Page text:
Over fifty shooters signed up to shoot at a club match at a range which just happens to be one of the best "action shooting" clubs in the country; many of them drove upwards of 100 miles to be there despite the dismal weather.
Perfect shooting weather! No rain, no snow, and the wind wasn't blowing targets down. I had three shirts and a heavy parka, and a couple hundred rounds of 10mm ammunition for my STI Edge. (Some of the ammo I had scrounged from various unmarked tubs scattered around my house ... it might even still be good!)
I ran into WhiteFish, who was filling out a squad roster; I asked him to put my name in there along with Bob, who was shooting revolver today. I was glad he wasn't shooting his antique Chinese Norinco 1911 ... he kicks my ass with that dilapidated P.O.S. and I didn't need another lesson in humility from him.(I suspect he still beat me, regardless of what gun he shoots.) WhiteFish had another new open gun, and another huge collection of stories to relate. I was confident that even if I didn't shoot well (which was a self-fullfilling prophecy), it would not be a boring day.
Four of my five students from last weekend's "Introduction to USPSA" class were there, too. Two of the three Fire Department members were there ... don't know what happened to Doug. As it happened, they had already signed up for bigger squads, so I was confident that they would do just fine without me hovering over them like a mother hen. I could just relax and enjoy myself ... which I did.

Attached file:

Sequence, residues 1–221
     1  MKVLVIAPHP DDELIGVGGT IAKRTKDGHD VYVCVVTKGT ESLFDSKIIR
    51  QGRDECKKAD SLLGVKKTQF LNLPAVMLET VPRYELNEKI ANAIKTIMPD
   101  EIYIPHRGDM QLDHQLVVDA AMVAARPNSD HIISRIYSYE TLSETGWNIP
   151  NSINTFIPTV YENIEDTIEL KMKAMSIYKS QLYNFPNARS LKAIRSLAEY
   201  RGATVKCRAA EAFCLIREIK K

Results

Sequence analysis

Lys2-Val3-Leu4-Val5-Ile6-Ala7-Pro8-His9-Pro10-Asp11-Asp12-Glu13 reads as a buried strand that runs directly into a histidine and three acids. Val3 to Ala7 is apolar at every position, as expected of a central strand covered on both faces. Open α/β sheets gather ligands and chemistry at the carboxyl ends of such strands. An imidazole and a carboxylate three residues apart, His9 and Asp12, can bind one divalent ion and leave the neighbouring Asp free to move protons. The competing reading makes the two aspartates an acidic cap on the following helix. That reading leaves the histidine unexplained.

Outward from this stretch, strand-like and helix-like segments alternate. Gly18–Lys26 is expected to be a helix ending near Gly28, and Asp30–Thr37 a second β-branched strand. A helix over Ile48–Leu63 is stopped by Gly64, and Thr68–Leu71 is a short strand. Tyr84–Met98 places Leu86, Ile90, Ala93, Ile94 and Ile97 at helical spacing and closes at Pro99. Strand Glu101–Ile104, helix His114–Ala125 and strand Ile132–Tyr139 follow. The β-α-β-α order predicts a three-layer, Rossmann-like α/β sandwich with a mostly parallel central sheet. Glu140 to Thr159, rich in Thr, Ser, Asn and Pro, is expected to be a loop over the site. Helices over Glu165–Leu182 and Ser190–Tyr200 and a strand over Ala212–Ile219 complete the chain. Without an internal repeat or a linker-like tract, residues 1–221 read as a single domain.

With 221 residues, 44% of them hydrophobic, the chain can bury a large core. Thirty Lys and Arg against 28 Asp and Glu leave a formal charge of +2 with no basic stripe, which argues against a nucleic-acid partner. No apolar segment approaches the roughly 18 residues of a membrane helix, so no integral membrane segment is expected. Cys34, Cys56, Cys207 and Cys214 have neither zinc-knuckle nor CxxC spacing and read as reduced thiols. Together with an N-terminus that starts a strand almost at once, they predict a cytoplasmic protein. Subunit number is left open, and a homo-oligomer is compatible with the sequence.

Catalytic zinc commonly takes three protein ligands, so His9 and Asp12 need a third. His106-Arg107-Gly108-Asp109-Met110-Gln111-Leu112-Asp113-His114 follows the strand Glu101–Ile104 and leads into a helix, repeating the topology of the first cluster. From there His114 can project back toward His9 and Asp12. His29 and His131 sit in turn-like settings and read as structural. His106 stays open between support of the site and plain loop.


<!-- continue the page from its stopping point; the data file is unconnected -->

My only disappointment was when one of the 'premium' batches of ammunition gave me a jam when loading my magazine under the clock on the Classifier stage. That turned an 8 second 7-round stage into an 11 or 12 second fiasco, but at least I didn't get any mikes nor did I hit either of the two overlapping no-shoot targets; I decided to claim that I was sandbagging so I wouldn't lose my B-class rating. (As If!) Nobody even mentioned it. Well, they had watched me get mikes on about half of the stages, so it probably didn't surprise them that I had run into some kind of difficulty.
A couple of guys in the squad following ours commented on the huge quantities of 10mm brass they found on the stages. No, they didn't pick it up; they did, however, take great glee in relating how they could always tell I was on the range when they had to wade through the piles of brass. I had actually made an effort to pick up my own brass, but I couldn't find more than a few pieces here and there. I decided that what they were finding was the brass which kicked over the berm into the bay I had been in the previous stage.
One of the guys in our squad was a student in the 3-months-earlier Intro to USPSA class. This was his fourth match. He came over to chat with me toward the end of the match, and said: "You know, every match the adrenalin rush just gets bigger!"
I know exactly what he means. I've been shooting IPSC for almost 30 years, and that has been my experience, as well. I pretty much quit worrying about being "competitive" a few years ago, when I lost my shooting partner. I've gone from shooting up to 30 matches a year (usually including a few Level III matches) to less than a dozen. I'm there for the congenial company, the exercise, the fresh air, the chance to shoot as fast as I can and hope I got some kind of hits on most of the shots .... which I guess has turned a match from a "sport" to a "social event".
But the rush ... ah, yes. When I lose the rush I'll hang up my guns and just stay home on Saturdays.
That's the day when I start dying.
In a couple of weeks I'll celebrate my 68th birthday. Actually, today was my birthday gift to me.